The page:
Believers vs unbelievers – who are more generous?


Atheists and christians alike often feel that not only is their belief true, but it is “nicer”. One argument, which has been made to me several times by atheists recently, is over who is more generous in giving to charity.

It has little to do with the truth of belief, but are there any facts to resolve this question?

A criterion for generosity?

This isn’t easy, for some of the obvious measures don’t work.

  • Measuring the amount of money given biases the result towards the wealthiest. Even the most generous “ordinary person” could give their entire income, and still come nowhere near a billionaire who gives just 1%.
  • Measuring percentage is scarcely any better. A billionaire who gives 50% still has at least $500M left, whereas you and I may be unable to live off 50% of our savings or income.
  • Measuring the amount left after giving is probably a little over harsh on the billionaires.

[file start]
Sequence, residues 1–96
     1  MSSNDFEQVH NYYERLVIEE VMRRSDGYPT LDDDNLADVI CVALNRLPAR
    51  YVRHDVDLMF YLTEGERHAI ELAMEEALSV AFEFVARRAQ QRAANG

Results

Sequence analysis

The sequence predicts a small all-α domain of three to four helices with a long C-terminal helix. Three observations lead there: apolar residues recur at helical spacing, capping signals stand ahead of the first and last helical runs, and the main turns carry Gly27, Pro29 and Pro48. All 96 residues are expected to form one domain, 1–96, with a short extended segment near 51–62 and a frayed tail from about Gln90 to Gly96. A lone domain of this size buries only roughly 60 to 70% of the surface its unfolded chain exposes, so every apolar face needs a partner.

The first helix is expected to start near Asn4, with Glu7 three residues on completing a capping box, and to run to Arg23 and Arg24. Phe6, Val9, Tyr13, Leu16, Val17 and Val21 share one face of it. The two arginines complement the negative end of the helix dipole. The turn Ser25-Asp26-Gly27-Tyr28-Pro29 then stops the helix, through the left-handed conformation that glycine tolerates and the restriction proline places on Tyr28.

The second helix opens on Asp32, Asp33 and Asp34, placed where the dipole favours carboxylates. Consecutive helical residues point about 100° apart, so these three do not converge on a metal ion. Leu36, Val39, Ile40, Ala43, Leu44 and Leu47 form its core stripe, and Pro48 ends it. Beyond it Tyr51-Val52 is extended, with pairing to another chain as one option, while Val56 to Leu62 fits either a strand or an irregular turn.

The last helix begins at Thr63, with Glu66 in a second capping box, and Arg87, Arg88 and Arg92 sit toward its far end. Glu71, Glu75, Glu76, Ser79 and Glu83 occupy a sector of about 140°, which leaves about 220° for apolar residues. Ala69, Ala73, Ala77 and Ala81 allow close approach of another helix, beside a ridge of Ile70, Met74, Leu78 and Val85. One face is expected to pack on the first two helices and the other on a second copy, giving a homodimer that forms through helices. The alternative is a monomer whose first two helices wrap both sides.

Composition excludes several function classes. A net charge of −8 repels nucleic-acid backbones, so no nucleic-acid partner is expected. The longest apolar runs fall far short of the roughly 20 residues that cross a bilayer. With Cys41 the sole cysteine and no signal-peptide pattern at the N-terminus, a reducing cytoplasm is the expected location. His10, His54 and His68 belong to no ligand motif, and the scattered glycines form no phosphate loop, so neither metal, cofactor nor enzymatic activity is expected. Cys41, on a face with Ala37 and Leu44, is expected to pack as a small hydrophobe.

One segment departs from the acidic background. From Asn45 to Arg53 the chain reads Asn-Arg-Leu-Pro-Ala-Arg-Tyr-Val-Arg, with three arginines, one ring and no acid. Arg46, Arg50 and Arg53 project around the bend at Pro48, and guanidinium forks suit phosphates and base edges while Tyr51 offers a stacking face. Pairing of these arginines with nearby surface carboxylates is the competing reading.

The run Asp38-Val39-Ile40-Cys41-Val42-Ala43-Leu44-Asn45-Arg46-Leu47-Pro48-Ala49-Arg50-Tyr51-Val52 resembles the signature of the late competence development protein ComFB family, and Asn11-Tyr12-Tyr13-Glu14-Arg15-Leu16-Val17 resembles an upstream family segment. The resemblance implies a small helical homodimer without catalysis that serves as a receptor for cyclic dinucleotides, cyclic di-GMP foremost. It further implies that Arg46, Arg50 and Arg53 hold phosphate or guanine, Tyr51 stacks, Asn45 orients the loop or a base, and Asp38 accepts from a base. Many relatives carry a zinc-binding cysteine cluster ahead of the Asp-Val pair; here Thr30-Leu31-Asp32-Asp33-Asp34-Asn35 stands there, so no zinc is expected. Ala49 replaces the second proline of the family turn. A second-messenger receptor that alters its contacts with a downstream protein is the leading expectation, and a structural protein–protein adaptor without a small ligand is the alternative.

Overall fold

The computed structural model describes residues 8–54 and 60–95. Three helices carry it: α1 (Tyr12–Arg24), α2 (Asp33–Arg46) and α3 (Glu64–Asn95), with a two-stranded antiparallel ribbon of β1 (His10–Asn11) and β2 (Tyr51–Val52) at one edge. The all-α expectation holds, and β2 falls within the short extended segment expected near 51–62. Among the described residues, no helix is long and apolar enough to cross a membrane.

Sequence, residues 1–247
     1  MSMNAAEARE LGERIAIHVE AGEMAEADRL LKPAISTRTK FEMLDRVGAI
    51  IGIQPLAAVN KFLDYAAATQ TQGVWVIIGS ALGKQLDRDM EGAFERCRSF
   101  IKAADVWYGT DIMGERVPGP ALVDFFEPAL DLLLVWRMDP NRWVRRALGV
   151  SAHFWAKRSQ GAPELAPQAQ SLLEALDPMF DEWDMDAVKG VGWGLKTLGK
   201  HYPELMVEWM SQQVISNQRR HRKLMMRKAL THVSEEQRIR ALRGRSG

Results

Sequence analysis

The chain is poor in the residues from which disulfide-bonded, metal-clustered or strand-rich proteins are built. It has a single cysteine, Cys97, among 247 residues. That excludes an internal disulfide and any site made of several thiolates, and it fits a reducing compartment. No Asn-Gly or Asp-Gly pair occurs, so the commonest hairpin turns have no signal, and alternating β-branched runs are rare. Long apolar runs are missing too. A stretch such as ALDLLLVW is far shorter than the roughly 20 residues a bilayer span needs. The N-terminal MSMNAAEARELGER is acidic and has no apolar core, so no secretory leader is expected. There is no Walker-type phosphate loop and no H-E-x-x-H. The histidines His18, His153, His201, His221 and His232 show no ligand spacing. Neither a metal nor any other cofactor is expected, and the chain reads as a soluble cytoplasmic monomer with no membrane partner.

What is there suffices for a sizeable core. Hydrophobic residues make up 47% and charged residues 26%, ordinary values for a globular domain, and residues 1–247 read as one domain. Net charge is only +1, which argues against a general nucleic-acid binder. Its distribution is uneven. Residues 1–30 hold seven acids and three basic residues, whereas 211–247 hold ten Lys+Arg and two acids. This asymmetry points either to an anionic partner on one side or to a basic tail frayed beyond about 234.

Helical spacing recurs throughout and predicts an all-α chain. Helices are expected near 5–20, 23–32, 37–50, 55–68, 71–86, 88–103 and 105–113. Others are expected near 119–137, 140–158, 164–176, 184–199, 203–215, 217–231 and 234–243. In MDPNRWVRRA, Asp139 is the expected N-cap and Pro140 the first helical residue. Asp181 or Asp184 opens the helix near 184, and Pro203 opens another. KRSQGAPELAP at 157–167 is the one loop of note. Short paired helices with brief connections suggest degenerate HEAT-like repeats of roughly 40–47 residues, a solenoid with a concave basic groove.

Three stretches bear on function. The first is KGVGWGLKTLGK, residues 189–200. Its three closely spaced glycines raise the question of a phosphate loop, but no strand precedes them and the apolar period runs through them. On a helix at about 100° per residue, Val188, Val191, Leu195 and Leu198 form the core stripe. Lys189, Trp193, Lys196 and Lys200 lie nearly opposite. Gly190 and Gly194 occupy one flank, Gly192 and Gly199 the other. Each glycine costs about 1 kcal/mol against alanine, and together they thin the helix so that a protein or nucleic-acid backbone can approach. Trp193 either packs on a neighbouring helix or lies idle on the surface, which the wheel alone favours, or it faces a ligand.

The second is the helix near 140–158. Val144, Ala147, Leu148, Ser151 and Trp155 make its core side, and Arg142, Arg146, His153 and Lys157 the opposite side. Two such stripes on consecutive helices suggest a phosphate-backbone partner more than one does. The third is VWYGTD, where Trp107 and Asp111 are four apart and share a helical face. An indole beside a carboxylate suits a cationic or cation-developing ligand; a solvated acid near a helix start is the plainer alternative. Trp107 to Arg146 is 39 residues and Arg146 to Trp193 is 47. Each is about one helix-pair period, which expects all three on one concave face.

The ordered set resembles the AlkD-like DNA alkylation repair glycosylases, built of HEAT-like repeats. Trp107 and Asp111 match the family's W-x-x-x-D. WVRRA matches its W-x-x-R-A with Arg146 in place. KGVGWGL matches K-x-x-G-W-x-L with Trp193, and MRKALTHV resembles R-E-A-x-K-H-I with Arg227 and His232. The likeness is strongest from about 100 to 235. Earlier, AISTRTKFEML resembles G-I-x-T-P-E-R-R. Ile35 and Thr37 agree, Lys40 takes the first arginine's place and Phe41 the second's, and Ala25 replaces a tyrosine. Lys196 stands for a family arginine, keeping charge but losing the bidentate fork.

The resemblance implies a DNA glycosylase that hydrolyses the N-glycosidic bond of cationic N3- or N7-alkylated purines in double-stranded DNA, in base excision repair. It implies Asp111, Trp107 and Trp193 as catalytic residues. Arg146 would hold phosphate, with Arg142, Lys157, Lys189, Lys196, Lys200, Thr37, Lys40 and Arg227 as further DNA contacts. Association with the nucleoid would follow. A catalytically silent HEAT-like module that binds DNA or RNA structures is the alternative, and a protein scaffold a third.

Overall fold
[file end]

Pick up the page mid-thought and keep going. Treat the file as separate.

I conclude that we cannot measure generosity, the measurable numbers are too dependent on life circumstances. However for people in roughly equal circumstances, the percentage given may be a reasonable indicator.

The biggest givers

The Chronicle of Philanthropy list the largest givers in the US for 2012, although this may not be a fair picture as Bill Gates isn’t mentioned. So I have taken the top 10 givers, not including bequests, plus Gates.

It isn’t always easy to find the religious views of these 11, but the following is based on Wikipedia and other web biographies:

  • One (Zuckerberg) identifies as an atheist.
  • Two are agnostic (Buffett, Gates).
  • Four are culturally Jewish (Brin, Zuckerman, Icahn and Adelson), though I cannot say whether they are theistic Jews.